President Jean-Bertrand Aristide flew into exile Monday after the army ousted him and the first democratically elected government in Haiti's nearly two centuries as a nation.

The military on Tuesday imposed a 6 p.m. to 6 a.m. curfew, announcing it over one of four operating radio stations in the capital. Ordinarily 20 broadcast.Sporadic gunfire rang out this morning in Port-au-Prince as soldiers fired into the air to keep people indoors. The capital city's downtown area was nearly deserted - stores and offices were closed, and there was little traffic.

Remnants of barricades erected Monday smoldered at key intersections.

"We saw what they (the military) did yesterday. We're living with our fear," said one housekeeper who risked going to work at a private residence. She spoke on condition of anonymity.

Hours after word of Aristide's capture surfaced in Miami's Little Haiti section, street protests broke out, and demonstrators burned an American flag, tires and other debris. Seventy-five people were arrested.

About 2,000 Haitian residents of New York held a raucous rally outside the U.N. Headquarters late Monday and early Tuesday demanding action by the U.N. Security Council.

The army rebellion began Sunday, and at least 26people were killed and 200 wounded in related fighting or street violence.

Many Haitians feared further violence over the ouster of Aristide, who won 70 percent of the vote in Haiti's first free presidential elections and had championed the cause of the poor against dictator Jean-Claude Duvalier and a succession of military-dominated governments.

Aristide arrived in Venezuela Tuesday morning, en route to France, and met privately with the U.S. and French ambassadors in Caracas.

Haiti's acting army commander, Brig. Gen. Raoul Cedras, announced Monday night that the military had taken control.

The notoriously corrupt army, an agent of repression that has long dominated politics in Haiti, accused Aristide of interfering in its affairs. In nearly eight months in office, Aristide retired the army's high command and was rumored to be training an elite unit for his protection.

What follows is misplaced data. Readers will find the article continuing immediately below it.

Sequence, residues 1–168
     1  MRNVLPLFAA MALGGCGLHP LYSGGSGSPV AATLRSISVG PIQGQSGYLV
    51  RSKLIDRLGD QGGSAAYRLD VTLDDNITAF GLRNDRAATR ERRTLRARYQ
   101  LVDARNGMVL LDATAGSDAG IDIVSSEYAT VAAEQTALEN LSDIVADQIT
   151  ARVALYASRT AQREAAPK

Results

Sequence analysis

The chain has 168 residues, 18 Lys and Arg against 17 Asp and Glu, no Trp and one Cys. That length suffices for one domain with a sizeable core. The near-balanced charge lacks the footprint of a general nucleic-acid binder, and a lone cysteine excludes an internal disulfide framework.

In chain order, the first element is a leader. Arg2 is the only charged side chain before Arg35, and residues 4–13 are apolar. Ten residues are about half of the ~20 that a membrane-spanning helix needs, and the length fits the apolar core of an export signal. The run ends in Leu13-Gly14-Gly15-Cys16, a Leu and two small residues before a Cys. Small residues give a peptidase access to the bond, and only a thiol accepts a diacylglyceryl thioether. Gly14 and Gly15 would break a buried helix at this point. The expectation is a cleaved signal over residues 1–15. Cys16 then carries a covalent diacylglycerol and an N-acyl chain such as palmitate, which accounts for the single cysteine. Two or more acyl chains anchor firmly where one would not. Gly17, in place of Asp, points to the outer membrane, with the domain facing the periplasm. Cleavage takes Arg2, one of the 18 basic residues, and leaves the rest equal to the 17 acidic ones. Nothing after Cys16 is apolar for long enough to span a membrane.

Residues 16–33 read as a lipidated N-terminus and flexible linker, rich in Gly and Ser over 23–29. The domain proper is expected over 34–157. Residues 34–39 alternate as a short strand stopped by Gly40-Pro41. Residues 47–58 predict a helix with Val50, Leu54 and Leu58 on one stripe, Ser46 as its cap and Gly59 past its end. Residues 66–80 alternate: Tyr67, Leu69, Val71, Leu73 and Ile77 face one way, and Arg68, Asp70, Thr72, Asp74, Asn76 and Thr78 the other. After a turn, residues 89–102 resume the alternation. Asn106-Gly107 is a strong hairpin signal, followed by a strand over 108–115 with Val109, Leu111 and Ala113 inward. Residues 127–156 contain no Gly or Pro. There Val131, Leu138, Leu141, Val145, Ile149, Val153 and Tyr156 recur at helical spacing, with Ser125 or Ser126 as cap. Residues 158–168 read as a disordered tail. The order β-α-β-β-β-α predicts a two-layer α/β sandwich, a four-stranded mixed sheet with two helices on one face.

Cedras urged calm and spoke of creating a "serene climate favorable to the next election."

Since taking office Feb. 7, Aristide forged a good relationship with the United States and set about improving the lot of the 6 million people in the Western Hemisphere's poorest country.

During a three-day visit to the United States last week, the 38-year-old Roman Catholic priest's speech was warmly received at the United Nations, and he was cheered during visits to Haitian communities in Miami and New York City.

France, which once ruled Haiti as a colony, Monday suspended foreign aid to Haiti and demanded that Aristide be restored to office. The United States, which denounced the coup as "an outrageous attack," also halted economic and military aid. The Organization of American States demanded Aristide's return to power.

The takeover began with mutinies at an army base and a police station Sunday night. Rebel elements fired on Aristide's private residence at daybreak and on his entourage as it headed to the National Palace.

The soldiers later seized the palace, captured Aristide and took him to army headquarters, said his foreign minister, Jean-Robert Sabalat.